While you may want to tone your abs, glutes and triceps in the new year, there’s one often-overlooked area of the body that deserves your attention too: your feet!
“A lot of people hit the gym or dust off their home exercise equipment in January,” says Danielle Butto, DPM, FACFAS, a board-certified foot and ankle surgeon and a Fellow Member of the American College of Foot and Ankle Surgeons (ACFAS). “But without proper precautions, a new exercise routine can cause foot and ankle injuries that could sideline you just as you’re hitting your stride.”
Here’s what to know as you follow through on your resolution to get fit:
• Don’t play through the pain of an ankle sprain. Avoiding treatment can not only cause further damage to the ligaments which may take much longer to heal or possibly require surgery, but you may be overlooking a more serious injury -- a stress fracture.
• A stress fracture may feel like an ankle sprain at first, but you’ll notice additional warning signs, such as swelling without bruising, and pain even during normal activities or when touching the area. If you have any of these symptoms, have your foot and ankle evaluated by a foot and ankle surgeon as soon as possible.
• Pain or swelling around your Achilles tendon after a workout could be indications of Achilles tendonitis. Untreated, a stretched or strained Achilles tendon may worsen over time, leading to stiffness and fatigue in your injured leg. Worse yet, untreated Achilles tendonitis could result in a ruptured tendon requiring surgery and a rehabilitation of several months.
• Heel pain that lasts for more than a day or two, or worsens when you stand after sitting for an extended amount of time, may be plantar fasciitis. This common condition is a result of inflammation of the tissue extending from your heel to your toes. If caught early, your foot and ankle surgeon can recommend at-home conditioning. In late stages, plantar fasciitis is harder to treat and takes longer to resolve.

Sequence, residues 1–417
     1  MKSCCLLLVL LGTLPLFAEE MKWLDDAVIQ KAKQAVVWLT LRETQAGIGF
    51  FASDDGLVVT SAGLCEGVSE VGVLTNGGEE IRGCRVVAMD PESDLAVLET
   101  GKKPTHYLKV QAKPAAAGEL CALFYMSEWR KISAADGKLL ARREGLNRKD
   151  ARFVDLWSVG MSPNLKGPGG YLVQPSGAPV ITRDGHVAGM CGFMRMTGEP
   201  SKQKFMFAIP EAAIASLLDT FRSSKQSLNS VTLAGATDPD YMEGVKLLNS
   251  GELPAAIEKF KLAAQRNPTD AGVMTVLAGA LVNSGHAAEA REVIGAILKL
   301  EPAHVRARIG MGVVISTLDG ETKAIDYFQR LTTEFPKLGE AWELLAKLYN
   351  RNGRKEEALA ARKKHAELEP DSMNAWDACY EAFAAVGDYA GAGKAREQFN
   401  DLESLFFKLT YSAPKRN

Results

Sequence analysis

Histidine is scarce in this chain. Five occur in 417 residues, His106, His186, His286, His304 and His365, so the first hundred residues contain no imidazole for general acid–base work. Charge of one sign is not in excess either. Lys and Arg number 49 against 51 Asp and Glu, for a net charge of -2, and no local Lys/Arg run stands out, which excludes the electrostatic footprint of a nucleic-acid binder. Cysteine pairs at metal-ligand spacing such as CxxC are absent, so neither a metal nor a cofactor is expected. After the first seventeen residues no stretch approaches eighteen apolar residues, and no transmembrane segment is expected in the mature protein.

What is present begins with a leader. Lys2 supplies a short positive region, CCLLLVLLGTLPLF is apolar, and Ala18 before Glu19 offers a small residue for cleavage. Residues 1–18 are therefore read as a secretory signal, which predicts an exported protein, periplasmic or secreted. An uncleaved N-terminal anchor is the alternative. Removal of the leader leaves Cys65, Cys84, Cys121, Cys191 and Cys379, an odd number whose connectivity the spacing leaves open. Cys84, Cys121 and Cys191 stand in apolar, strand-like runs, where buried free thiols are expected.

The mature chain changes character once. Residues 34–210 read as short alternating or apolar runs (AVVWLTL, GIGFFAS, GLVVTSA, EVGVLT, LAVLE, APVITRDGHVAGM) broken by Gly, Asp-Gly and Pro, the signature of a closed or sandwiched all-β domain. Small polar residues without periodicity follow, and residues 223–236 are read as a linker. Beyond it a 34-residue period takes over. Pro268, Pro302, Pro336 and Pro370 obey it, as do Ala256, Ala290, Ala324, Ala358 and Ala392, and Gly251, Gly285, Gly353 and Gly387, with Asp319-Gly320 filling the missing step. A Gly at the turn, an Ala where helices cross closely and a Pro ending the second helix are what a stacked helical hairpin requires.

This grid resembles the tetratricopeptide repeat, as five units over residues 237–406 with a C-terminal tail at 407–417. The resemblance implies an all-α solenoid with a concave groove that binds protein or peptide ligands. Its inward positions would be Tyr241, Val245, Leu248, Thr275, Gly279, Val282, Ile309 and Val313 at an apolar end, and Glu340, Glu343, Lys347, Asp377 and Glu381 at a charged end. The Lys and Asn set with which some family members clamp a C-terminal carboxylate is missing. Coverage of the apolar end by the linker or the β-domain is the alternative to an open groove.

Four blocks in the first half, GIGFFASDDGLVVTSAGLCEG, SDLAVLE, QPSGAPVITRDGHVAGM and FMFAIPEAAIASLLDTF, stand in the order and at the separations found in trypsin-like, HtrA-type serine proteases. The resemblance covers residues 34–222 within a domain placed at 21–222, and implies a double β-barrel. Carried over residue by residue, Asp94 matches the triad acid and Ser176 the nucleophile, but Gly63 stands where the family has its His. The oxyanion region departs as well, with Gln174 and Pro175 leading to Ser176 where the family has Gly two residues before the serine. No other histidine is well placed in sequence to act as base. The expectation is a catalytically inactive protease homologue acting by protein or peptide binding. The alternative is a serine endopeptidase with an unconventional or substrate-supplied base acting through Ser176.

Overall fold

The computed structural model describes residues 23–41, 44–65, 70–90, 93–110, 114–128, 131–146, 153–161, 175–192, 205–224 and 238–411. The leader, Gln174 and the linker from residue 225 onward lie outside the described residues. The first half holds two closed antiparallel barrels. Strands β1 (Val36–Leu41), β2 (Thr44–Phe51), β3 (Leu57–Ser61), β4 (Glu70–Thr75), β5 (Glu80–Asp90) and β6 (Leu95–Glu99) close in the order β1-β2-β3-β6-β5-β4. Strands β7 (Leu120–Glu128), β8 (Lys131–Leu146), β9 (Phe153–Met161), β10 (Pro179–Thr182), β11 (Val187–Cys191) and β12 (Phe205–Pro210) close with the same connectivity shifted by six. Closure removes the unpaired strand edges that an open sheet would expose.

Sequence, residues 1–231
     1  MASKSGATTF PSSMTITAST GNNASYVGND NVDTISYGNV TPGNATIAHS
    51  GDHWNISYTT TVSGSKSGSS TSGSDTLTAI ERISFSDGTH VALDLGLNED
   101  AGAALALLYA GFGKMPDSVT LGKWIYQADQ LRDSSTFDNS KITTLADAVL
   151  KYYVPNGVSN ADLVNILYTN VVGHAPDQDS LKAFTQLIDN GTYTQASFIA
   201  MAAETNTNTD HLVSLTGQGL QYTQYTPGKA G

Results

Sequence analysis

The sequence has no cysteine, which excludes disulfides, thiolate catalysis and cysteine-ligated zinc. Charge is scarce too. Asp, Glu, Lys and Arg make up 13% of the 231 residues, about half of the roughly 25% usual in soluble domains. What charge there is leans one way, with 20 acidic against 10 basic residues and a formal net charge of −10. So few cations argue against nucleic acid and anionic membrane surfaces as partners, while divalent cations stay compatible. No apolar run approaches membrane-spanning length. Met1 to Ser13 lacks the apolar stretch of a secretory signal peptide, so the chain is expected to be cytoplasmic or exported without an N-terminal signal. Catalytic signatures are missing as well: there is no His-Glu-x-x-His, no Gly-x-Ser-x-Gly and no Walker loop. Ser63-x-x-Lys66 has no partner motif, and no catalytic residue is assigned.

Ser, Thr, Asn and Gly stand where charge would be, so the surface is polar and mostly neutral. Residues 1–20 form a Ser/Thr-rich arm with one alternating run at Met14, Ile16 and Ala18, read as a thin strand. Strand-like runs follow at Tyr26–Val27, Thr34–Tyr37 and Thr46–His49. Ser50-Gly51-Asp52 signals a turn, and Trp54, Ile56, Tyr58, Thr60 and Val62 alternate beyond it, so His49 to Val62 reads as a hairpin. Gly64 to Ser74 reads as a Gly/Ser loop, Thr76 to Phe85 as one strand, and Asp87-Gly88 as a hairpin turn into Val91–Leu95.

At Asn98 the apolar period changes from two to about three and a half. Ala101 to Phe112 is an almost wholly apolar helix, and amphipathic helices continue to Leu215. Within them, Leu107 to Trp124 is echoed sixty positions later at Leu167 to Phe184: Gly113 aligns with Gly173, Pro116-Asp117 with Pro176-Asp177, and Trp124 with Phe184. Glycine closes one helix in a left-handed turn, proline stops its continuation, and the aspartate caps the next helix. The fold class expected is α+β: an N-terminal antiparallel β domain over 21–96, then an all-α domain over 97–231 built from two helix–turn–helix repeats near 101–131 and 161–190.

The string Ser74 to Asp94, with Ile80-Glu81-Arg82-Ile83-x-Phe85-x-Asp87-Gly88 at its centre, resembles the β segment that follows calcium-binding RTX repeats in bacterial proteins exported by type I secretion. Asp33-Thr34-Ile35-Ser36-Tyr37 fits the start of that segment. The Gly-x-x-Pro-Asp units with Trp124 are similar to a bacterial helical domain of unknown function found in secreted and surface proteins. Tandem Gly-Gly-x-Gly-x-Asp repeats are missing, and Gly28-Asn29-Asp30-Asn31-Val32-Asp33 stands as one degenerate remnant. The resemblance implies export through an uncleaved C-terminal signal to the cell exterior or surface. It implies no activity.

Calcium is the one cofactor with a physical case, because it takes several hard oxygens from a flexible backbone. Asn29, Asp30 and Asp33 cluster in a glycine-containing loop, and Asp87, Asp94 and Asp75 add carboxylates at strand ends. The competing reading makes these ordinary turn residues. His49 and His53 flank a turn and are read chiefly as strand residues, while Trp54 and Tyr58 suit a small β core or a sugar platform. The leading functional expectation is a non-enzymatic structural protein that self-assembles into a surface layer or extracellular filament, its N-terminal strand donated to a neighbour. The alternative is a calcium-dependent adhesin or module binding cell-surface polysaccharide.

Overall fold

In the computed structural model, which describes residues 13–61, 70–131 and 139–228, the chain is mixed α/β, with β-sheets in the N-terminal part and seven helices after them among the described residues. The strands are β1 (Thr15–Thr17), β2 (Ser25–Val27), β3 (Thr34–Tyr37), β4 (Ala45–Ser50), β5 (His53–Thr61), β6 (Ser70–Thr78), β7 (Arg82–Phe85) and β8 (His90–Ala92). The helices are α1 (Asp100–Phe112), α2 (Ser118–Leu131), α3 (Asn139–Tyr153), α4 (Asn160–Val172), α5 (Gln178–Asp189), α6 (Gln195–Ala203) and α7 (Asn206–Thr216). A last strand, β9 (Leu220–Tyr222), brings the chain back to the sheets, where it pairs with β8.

The good news? Many injuries are preventable. Foot and ankle surgeons offer five tips to help you keep your feet and ankles healthy:
1. Be smart. Consider consulting a personal trainer at first to ensure you’re practicing good form, and to increase the duration and intensity of your workouts gradually and safely.
2. Stretch. Incorporate mobility and stretching into your fitness regimen, particularly before and after workouts.
3. Be footwear aware. Wear properly-fitting athletic shoes that support the arch of the foot, provide heel cushioning and are designed for the exercise in which you’re engaged. These measures can help you avoid plantar fasciitis and neuromas. Wear cotton or nonslip socks to help prevent painful blisters, which can become infected and cause more serious issues, especially if you have diabetes.
4. Guard against bacteria. Sweaty shoes, public showers, exercise equipment and the pool deck are breeding grounds for fungus, viruses and bacteria. Wear water shoes in public areas, and after workouts, and get your feet clean and dry quickly.
5. Book an appointment. Foot and ankle pain isn’t normal. It signals a problem that needs to be evaluated, diagnosed and treated by a specialist who fully understands this part of the body.
“When you exercise, your feet and ankles do a ton of work holding you up and absorbing the shock of each step you take,” says Dr. Butto. “So, as you kick off your new fitness routine, don’t forget to protect them.” - Statepoint